Overview & Background

Jesus Christ Superstar. Godspell. Joseph and the Amazing Technicolor Dreamcoat. No, this isn’t the line up of topics in a Church sermon; these are the names of Broadway musicals. It may be jarring for some to see such explicitly religious, even Christian themes in a medium recognized for its inclusiveness, but in fact religion has long been a theme in the Broadway musical. From Maria’s journey from nun to governess in The Sound of Music, to the story of religious Jew Tevye and his family in Fiddler on the Roof, and even the central quest for spiritual redemption in Les Miserables, producers have been successfully exploring religion through the live musical for decades.  The question, though, is why. What motivated the creators of such prominent shows to incorporate specific religious themes into a medium that appeals to the masses? And what motivated audiences to receive such shows with open arms? The answers to these questions are diverse and varied, but this blog will attempt to illuminate the theme of religious musicals through media that depict this phenomenom. From religious broadway created as a response to the counterculture, to the satiric use of such musicals to provide an escape from heavy-handed religion, to the simple idea of finding religion in such a powerful venue, I will trace religion in the Broadway musical to highlight its appearance and appeal.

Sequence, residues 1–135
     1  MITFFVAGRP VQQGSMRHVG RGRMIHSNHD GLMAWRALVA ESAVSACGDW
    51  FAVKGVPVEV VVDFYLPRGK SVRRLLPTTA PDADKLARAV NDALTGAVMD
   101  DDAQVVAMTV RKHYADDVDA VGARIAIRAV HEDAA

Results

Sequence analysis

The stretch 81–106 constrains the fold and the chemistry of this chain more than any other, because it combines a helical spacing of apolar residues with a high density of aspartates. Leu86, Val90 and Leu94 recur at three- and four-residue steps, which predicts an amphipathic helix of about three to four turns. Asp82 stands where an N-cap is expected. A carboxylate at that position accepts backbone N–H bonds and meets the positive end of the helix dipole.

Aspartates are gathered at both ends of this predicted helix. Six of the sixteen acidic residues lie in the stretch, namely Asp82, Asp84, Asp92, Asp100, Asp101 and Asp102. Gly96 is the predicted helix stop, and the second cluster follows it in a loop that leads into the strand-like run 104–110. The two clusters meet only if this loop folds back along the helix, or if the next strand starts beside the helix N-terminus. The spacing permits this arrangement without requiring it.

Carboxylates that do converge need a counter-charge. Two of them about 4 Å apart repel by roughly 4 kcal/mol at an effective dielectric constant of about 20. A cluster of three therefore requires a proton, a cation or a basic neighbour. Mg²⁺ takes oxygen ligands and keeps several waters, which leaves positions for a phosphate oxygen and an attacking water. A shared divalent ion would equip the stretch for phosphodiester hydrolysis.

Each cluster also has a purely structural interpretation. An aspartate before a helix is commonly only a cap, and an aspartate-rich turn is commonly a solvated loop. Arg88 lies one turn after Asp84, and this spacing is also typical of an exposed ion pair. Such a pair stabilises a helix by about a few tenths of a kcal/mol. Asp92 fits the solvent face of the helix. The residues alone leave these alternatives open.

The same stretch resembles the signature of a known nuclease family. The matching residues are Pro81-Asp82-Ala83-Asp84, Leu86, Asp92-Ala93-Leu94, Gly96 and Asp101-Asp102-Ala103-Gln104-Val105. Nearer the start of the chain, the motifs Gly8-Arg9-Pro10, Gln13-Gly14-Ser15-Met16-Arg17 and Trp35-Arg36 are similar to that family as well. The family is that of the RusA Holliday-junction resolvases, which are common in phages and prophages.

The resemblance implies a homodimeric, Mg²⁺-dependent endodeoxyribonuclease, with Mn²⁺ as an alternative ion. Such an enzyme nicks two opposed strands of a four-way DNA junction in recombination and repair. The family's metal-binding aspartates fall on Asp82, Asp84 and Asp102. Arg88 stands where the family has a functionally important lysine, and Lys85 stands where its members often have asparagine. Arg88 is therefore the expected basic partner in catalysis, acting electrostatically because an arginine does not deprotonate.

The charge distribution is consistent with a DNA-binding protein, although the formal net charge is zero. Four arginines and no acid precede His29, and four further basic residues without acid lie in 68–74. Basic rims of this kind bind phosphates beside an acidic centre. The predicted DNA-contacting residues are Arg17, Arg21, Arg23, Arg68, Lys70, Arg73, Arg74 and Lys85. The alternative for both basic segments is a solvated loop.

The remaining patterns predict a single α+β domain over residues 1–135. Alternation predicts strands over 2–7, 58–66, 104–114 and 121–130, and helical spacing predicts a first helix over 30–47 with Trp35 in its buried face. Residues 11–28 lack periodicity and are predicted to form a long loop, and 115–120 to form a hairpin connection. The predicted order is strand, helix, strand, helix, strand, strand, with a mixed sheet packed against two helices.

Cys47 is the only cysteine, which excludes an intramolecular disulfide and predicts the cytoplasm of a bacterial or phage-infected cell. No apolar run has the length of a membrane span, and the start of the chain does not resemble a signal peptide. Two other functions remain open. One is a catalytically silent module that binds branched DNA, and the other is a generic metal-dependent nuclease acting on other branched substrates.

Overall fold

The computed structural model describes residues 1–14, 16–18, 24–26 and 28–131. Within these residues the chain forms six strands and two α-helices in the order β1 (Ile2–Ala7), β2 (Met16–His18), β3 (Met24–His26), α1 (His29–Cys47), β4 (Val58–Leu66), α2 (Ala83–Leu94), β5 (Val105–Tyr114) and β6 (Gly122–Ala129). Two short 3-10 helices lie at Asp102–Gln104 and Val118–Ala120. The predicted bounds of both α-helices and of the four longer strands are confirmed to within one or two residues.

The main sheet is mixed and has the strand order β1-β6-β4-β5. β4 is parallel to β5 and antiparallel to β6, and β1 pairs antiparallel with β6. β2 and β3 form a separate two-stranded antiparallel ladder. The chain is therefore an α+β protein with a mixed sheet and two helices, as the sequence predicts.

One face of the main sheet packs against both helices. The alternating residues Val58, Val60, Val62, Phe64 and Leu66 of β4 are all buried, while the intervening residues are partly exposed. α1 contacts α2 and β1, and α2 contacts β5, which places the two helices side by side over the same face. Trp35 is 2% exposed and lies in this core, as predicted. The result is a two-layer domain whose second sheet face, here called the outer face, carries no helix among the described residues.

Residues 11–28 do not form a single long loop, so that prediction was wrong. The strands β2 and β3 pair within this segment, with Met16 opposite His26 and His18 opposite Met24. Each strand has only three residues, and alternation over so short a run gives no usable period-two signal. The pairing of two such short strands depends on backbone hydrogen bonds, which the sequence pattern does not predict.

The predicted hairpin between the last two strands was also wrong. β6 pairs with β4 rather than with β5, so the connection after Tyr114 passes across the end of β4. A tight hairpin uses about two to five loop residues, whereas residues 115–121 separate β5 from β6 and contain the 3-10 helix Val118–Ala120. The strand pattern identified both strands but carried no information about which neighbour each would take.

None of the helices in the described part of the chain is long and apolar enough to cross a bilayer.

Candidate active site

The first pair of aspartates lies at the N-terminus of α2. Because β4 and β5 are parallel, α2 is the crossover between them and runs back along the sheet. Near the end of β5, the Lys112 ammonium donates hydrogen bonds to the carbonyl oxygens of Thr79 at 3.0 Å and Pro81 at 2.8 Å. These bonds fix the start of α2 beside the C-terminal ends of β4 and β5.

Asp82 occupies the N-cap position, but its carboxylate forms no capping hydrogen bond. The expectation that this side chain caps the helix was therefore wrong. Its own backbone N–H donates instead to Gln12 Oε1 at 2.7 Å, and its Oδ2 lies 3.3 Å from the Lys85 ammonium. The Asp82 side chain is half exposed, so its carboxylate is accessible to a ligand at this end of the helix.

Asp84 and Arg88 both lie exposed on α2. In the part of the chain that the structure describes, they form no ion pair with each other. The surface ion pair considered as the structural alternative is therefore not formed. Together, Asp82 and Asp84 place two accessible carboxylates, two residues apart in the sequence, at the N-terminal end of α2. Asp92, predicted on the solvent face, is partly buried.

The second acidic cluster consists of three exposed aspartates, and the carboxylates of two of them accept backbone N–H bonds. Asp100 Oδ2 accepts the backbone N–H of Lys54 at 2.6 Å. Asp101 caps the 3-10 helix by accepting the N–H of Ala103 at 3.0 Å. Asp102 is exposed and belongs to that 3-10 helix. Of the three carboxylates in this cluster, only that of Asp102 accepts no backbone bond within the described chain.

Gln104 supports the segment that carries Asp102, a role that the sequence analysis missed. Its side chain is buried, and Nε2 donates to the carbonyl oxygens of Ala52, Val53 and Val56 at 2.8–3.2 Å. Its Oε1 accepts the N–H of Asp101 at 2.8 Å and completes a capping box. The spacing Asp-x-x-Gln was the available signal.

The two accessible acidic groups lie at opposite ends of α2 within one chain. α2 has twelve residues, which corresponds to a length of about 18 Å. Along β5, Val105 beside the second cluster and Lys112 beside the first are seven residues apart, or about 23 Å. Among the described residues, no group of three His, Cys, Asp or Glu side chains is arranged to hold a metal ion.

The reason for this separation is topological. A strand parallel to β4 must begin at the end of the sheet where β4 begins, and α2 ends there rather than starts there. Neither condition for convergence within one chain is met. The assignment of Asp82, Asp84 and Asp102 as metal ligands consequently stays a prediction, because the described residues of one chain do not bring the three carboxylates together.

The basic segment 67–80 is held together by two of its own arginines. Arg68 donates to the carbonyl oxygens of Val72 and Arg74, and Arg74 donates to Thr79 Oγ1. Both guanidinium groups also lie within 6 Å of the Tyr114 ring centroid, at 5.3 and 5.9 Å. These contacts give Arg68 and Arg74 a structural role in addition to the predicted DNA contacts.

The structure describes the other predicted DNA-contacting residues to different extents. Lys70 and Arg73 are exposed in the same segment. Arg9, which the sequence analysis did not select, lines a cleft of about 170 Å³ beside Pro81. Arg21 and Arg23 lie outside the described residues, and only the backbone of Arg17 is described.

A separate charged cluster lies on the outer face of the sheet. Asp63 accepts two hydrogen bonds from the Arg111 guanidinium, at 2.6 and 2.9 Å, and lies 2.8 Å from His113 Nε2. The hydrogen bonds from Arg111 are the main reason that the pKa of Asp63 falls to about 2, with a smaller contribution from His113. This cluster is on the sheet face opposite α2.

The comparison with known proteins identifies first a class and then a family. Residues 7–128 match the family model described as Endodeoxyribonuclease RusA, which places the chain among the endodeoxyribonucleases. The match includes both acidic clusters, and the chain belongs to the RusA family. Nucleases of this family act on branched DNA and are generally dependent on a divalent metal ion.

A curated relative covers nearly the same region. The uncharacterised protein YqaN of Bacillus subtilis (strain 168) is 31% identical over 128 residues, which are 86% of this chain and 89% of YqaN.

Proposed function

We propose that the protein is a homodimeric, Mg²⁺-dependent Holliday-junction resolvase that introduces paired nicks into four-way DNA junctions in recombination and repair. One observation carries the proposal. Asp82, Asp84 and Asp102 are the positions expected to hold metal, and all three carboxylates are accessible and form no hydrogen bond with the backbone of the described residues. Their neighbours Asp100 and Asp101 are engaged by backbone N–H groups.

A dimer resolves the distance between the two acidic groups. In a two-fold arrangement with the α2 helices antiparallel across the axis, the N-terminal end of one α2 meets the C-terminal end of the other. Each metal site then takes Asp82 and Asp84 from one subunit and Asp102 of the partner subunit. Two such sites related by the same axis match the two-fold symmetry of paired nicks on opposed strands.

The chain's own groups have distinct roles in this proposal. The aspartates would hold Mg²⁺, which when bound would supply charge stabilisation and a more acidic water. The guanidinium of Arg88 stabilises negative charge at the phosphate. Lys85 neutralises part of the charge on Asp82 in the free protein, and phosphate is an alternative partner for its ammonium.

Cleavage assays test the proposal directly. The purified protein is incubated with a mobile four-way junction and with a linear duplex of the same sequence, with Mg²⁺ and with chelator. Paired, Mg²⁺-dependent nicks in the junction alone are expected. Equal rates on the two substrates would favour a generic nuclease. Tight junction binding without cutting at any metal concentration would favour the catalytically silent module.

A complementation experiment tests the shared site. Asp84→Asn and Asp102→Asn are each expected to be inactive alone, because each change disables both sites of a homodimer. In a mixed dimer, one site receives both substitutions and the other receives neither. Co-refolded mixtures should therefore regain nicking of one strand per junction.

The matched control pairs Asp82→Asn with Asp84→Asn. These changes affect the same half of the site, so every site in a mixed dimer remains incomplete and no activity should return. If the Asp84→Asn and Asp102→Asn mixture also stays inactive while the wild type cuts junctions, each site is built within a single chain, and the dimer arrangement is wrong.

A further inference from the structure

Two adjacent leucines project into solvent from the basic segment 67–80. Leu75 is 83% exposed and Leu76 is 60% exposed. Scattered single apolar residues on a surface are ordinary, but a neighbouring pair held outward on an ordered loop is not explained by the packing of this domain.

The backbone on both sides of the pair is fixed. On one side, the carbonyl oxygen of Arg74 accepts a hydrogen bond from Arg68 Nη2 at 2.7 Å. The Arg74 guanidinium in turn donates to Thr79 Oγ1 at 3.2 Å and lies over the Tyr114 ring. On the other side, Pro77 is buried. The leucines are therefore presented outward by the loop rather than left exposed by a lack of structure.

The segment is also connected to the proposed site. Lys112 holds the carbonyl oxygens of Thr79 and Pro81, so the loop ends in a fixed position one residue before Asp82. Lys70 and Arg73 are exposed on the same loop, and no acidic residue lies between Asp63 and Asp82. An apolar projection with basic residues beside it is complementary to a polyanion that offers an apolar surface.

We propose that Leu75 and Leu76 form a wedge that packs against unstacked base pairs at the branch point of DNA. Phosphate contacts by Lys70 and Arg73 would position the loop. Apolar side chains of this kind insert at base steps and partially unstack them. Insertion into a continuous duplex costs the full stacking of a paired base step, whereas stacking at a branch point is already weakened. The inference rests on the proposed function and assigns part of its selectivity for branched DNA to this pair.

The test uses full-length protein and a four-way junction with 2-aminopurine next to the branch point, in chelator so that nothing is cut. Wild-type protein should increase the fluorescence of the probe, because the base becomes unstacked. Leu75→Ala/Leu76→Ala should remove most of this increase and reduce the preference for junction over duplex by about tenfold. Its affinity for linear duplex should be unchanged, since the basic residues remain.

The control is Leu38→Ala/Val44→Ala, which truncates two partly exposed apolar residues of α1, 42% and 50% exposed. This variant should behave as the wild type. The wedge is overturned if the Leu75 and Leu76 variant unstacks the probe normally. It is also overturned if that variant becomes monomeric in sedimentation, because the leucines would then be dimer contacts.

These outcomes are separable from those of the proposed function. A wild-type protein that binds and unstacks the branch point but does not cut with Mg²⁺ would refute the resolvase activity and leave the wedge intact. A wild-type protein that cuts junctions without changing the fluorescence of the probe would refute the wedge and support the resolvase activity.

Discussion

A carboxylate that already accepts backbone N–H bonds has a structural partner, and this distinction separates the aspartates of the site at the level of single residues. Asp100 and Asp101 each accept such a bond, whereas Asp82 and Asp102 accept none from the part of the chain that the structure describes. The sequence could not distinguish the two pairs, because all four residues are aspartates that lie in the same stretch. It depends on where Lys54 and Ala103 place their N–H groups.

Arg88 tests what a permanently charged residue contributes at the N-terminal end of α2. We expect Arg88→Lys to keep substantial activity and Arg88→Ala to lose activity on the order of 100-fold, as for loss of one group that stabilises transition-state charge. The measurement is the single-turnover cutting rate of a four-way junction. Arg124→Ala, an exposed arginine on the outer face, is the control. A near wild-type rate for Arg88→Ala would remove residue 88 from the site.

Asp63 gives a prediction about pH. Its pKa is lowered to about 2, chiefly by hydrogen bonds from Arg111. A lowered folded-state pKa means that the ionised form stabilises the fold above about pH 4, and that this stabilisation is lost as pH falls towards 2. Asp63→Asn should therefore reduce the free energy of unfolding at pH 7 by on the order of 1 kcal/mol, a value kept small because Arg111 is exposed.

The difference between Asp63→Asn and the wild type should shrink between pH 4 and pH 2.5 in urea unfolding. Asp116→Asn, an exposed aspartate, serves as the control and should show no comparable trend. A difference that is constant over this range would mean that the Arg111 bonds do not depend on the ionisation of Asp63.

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Annotated Bibliography

Bradley, Ian C. You’ve Got to Have a Dream: The Message of the   Musical. Louisville: Westminster John Knox Press, 2005. Print.

Bradley, who teaches Theology of the Musical at St. Andrew’s University, argues that musicals provide people not just with entertainment but also with spiritual and theological values, a philosophy of life, and an encounter with God. Through his thorough discussion of the theological significance of the musical—which includes an emphasis on Andrew Lloyd Webber’s Jesus Christ Superstar and Joseph, as well as an examination of Les Miserables—Bradley argues that the musical is not just a cultural icon of our time; it is “iconic in a deeper sense, with an almost sacramental, hymnodic, transforming power to point beyond themselves to the realm of the spiritual and the divine.” In addition, he offers his thoughts on what the popularity of the musical might mean for the future of the church.

Einstein, Mara. Brands of Faith. New York: Routledge, 2008. Print.

Dr. Einstein traces a long history of religious branding, following the trend of mixing commerce and faith through cases and concepts as diverse as megachurches, Kabbalah, and Oprah Winfrey. She expands this study to incorporate the politics of religious marketing, as well as other specifics of how religion became a business, and what this business entails.

FitzGerald, Frances. Cities on a Hill: A Journey through Contemporary American Cultures. New York: Simon and Schuster, 1986. Print.